On 19 April 2014 06:54, Andrew Barnert abarnert-at-yahoo.com |python-ideas-at-python.org| <3en9kh2cbt@sneakemail.com> wrote:
    switch mystring case "spam":
        process(thingy)

That is not even remotely interpretable as an English sentence. That's not a problem for C, but it is for Python.

I'll think about a possible solution.


I don't see how skipping over any elcase but falling through to the next case is in any way simpler than C.
Well, because it's coherent with if-elif. See my last example in my first message.
No it isn't. An elif clause is embedded in an if statement; there is no if clause you can embed on an if statement, just an entirely new and unrelated if statement. 

I can assert, without fear of contradictions, that my proposed syntax is the closest to the if-elif syntax of all the switch statement proposed until now in the age of Python.



About off-topic arguments:


bash does not have either ";;&" or ";&"
 
http://www.gnu.org/software/bash/manual/html_node/Conditional-Constructs.html


Who asked you about list comprehensions or lambdas? What do you think they have to do with anything?
[...]
I have no idea why you think recursive functions are relevant to anything being discussed here.
[...]your proposal was to treat tuples specially and match all other iterables as single values, which means that a generator expression would be matched as a single value, meaning it would only match itself. And again, I don't understand what the relevance is supposed to be.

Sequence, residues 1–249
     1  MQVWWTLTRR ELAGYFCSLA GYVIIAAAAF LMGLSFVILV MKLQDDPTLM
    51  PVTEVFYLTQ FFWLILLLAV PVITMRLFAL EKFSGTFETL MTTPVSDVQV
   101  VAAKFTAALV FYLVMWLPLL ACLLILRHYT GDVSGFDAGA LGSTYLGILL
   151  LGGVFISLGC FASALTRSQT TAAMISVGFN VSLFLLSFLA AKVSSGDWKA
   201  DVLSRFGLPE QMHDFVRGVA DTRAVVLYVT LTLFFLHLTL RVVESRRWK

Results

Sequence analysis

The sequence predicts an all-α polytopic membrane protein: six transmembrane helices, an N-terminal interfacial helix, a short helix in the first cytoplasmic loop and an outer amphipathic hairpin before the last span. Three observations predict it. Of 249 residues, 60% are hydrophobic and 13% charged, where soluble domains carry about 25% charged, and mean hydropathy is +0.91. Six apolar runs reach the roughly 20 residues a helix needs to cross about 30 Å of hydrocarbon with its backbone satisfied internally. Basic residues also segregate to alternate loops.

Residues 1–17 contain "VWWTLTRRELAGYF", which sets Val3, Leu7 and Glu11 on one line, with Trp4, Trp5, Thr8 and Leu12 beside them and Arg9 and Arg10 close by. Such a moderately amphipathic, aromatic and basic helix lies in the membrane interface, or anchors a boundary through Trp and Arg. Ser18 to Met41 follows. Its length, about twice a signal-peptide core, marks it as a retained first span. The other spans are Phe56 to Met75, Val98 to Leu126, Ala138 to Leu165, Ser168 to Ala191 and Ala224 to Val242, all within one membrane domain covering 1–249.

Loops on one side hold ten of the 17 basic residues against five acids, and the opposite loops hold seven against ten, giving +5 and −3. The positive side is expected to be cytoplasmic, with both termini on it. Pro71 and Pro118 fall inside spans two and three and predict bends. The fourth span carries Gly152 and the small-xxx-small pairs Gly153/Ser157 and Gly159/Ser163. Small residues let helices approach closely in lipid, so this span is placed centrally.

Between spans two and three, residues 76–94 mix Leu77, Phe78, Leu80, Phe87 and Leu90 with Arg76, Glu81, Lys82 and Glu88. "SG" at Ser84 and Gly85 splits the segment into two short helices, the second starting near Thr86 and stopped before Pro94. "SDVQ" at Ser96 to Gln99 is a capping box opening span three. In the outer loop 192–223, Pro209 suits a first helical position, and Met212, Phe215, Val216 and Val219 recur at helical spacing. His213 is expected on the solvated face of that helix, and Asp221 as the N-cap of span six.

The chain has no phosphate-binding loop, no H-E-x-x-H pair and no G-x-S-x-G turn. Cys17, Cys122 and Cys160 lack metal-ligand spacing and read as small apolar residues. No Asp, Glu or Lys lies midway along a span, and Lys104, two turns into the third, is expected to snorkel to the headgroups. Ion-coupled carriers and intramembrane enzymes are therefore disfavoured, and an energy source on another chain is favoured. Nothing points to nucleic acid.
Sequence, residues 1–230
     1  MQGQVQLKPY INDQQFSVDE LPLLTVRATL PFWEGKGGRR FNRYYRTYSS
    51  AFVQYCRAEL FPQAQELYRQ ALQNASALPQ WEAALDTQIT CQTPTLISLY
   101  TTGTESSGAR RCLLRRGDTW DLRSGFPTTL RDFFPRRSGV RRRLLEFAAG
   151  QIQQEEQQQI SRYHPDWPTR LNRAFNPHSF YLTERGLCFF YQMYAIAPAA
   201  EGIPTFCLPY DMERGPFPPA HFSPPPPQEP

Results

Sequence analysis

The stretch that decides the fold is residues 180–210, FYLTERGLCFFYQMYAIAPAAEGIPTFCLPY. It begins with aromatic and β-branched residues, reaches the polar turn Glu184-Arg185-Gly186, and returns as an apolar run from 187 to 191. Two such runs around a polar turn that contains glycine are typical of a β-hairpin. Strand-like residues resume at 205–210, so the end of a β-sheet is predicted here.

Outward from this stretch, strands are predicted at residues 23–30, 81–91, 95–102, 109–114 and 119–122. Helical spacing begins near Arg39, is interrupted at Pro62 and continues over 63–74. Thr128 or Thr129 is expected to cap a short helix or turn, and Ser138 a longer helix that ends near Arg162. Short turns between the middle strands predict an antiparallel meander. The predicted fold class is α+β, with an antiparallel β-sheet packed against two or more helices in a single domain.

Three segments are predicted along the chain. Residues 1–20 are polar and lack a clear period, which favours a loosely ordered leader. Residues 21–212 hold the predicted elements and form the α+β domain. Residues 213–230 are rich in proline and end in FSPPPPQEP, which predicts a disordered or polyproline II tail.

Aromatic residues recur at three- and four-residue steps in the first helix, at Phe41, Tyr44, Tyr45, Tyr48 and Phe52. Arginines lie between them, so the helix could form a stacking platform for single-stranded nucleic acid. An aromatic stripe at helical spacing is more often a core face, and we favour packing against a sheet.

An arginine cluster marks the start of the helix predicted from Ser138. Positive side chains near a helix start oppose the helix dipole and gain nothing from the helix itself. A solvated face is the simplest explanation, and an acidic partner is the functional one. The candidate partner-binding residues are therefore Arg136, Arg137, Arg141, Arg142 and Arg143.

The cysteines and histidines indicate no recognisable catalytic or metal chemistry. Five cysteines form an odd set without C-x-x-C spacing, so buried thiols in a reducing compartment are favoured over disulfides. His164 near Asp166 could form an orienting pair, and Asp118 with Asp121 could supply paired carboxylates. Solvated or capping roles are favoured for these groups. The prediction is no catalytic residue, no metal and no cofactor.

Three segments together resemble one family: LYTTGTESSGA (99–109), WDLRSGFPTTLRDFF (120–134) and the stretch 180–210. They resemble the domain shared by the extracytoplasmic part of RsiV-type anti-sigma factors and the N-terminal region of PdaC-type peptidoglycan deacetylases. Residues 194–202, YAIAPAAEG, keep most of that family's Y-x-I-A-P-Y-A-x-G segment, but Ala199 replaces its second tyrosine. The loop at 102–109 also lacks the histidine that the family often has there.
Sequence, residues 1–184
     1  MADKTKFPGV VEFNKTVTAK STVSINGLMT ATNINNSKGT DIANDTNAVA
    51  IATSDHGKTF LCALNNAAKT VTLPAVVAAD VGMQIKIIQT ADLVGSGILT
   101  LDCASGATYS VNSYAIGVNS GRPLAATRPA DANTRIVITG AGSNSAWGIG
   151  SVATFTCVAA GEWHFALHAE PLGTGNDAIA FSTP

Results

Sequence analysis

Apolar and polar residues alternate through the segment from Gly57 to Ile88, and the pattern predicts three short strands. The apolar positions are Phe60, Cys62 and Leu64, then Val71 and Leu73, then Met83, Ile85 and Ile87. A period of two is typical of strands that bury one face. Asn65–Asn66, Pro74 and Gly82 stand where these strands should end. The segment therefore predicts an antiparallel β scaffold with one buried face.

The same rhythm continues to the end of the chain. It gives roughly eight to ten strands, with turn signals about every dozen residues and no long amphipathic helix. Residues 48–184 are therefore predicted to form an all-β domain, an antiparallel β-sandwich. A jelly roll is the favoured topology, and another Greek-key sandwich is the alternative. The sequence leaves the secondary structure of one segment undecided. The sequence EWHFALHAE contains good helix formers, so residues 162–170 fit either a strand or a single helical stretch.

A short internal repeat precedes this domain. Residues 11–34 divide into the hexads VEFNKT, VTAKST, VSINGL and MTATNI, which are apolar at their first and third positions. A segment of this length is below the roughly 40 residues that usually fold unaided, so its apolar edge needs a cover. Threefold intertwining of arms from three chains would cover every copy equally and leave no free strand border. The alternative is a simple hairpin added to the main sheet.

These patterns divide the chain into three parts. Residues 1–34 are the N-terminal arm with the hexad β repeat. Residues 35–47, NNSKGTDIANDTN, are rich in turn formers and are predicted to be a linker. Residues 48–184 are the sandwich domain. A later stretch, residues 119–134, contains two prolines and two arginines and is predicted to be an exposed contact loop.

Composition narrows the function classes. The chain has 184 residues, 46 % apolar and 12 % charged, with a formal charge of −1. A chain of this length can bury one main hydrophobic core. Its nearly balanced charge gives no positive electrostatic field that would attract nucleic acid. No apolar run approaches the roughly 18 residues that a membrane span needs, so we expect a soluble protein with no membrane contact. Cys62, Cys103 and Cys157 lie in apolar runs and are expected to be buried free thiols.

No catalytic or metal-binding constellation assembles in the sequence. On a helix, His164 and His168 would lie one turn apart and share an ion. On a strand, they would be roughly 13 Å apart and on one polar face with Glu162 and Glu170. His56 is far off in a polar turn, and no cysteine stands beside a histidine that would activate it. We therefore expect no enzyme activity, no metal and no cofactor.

I premise that pattern recognition is outside the scope of my switch proposal. Anyway:
  1. About list comprehensions and lambdas, you talked about assignment statements, and AFAIK the only pattern matching things that are somewhat related to assignment statement are the possibility to filter a list comprehension and the use of lambdas. If you mean something different you should be more explicit, instead of saying "what? where? why?"
  2. About recursive function, I wronged. Sorry but it was late.
  3. About generators, you can create a generator, convert it to an iterable and unpack it in a case_expr. I could also extend the current syntax and support a "generator unpacking". This way you'll have a limited alternative to pattern matching in some cases in a switch statement without the need to create a static iterable.